The world’s number 1 ranked band has hosted this annual event in partnership with the Royal Welsh College of Music & Drama and sponsor Kapitol Promotions with increasing success.
Once again it offered the finalists an unique world premiere opportunity, with the promise also of future musical exposure. This year three contrasting works (from over 20 worldwide entries) from composers Marcus Venables, Stijn Aertgeerts and Mathias Wehr were featured - each of whom had travelled from Canada, Belgium and Germany respectively to hear their short pieces performed.
The eventual winner 'Colossus' by Marcus Venables, celebrated what he called, "the greatness of the Cory Band" — with its fanfares and heroic calls to competitive battle building towards a 'colossal' finale that he said honoured the "the past, current and future members of the band". It was understandably a popular winner.
Stijn's 'Hope' was a reflective work inspired by the better traits of the human interaction, especially in these times of anxiety and uncertainty, whilst Mathias provided a fizzing detour into space with his exciting interstellar powered 'Hyperdrive'.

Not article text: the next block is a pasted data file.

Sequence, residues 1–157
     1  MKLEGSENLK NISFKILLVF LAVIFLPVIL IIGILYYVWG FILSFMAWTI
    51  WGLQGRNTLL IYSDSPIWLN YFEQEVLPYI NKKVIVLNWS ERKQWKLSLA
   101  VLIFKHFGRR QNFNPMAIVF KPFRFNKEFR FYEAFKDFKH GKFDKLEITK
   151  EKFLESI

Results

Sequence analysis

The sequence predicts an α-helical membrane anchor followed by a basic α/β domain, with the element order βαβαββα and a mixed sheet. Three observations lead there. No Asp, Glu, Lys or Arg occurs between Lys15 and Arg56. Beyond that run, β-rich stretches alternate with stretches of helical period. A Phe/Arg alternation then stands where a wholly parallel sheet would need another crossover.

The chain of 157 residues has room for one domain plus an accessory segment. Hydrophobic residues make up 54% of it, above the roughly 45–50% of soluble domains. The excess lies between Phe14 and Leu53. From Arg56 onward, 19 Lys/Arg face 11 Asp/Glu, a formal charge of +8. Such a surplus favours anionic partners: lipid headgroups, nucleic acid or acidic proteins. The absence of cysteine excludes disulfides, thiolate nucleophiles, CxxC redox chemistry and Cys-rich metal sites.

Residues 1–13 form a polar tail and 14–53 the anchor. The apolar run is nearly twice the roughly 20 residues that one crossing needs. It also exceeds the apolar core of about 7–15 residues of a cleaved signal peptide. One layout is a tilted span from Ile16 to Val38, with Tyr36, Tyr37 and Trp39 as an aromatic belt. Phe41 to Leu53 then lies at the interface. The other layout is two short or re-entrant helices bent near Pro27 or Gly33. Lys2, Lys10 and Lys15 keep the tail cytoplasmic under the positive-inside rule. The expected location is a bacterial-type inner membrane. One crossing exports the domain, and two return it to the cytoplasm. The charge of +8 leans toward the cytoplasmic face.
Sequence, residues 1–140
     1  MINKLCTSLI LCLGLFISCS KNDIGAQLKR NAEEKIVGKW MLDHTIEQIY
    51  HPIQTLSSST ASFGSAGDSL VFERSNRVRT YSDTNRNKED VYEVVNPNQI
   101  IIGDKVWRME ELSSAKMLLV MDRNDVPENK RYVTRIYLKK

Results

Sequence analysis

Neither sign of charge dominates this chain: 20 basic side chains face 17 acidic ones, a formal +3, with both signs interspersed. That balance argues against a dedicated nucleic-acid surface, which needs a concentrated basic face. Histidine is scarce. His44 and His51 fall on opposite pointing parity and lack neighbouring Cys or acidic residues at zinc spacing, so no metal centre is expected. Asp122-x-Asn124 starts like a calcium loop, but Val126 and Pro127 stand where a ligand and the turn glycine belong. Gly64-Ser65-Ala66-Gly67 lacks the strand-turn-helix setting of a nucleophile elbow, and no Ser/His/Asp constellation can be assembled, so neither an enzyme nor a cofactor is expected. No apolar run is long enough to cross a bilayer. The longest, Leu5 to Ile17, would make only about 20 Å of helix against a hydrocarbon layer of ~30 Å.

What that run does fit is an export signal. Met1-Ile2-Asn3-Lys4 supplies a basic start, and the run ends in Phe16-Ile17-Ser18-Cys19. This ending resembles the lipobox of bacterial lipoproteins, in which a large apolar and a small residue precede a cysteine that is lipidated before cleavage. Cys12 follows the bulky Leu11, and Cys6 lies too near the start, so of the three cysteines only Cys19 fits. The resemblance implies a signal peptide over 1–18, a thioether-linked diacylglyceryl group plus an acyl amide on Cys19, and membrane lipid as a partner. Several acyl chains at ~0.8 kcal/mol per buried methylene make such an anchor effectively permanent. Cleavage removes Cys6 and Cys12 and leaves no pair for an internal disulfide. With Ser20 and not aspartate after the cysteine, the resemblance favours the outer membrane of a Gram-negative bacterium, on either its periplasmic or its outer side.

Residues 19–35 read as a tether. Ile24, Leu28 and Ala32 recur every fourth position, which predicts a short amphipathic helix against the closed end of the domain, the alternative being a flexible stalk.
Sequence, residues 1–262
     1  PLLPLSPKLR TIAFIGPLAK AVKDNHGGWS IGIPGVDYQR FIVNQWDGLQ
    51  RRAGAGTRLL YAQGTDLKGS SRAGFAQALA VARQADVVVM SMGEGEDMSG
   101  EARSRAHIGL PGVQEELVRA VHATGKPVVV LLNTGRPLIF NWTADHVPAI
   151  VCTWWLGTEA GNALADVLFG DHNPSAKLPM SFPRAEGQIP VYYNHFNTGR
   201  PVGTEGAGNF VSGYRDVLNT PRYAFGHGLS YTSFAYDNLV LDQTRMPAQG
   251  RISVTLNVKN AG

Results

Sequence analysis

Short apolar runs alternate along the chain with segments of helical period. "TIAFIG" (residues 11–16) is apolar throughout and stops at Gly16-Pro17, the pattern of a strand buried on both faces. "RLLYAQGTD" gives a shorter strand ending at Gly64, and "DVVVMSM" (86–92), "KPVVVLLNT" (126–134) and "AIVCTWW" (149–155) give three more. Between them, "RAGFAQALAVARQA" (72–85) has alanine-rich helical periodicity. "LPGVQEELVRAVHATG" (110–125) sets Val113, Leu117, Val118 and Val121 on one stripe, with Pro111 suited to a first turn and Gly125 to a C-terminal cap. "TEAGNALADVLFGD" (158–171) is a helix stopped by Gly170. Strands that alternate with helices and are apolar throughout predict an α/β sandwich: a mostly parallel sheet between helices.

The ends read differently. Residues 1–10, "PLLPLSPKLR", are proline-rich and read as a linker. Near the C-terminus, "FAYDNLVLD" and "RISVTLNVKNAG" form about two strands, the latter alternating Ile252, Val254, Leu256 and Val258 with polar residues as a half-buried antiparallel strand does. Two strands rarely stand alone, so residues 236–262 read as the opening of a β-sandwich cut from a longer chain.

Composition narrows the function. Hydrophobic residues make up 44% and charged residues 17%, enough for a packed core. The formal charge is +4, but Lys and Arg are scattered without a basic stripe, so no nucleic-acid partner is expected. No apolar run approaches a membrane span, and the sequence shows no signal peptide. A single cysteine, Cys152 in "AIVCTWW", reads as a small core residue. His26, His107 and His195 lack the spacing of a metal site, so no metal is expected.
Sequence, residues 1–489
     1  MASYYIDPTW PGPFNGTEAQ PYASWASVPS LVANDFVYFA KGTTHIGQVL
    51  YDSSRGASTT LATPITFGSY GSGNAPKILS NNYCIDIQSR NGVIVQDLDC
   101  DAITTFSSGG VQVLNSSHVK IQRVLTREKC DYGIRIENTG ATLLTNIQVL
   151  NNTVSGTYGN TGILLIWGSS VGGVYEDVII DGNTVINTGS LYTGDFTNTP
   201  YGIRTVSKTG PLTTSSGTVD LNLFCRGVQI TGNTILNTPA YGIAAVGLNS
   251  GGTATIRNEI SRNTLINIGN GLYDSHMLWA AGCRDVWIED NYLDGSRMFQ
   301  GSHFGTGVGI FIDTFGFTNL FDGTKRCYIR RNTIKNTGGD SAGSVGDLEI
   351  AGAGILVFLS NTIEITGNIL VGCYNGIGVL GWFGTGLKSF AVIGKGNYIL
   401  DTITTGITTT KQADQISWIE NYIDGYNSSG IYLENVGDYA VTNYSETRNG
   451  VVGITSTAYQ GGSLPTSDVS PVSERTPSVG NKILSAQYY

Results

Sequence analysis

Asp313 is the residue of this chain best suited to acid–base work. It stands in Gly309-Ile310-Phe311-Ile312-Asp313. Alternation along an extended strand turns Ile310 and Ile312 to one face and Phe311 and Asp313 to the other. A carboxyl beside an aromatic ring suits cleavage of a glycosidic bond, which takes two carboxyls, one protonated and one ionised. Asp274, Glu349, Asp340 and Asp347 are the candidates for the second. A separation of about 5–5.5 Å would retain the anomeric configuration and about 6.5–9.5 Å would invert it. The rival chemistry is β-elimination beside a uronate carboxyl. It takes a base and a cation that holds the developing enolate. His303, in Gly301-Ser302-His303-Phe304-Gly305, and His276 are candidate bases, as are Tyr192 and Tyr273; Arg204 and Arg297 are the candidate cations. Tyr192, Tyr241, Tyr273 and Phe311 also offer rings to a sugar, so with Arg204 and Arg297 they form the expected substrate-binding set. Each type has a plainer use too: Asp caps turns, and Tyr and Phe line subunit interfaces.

Each offered interest – the winner having a maturity of structure that appealed to the adjudication panel of Liz Lane, Nigel Seaman, Christopher Bond and Philip Harper. It will be good to hear it (and the other finalists) again.
The eventual winner 'Colossus' by Marcus Venables, celebrated what he called, "the greatness of the Cory Band" — with its fanfares and heroic calls to competitive battle building towards a 'colossal' finale
With a few deps in the ranks Cory strolled through familiar concert repertoire – from ‘The Spaceman’ march still fresh from their recent Band of the Year success (the band was impressively led by principal cornet Hannah Plumridge), to a quick trot through ‘Light Cavalry’, the colourful cartoon excitement of ‘The Incredibles’ all the way through to a neat twist on ‘Somewhere’ from ‘West Side Story’ to close.
Ailsa Russell, Stephen Kane and Chris Thomas were all on classy form on their feet, whilst Liz Lane’s quirky ‘Grand Union Waltz’ and her curating of a world premiere of ‘Runyege Dance’ (composed by 12 youngsters just a few hours ahead of the concert) with its Ugandan framework inspiration was a delightful added bonus.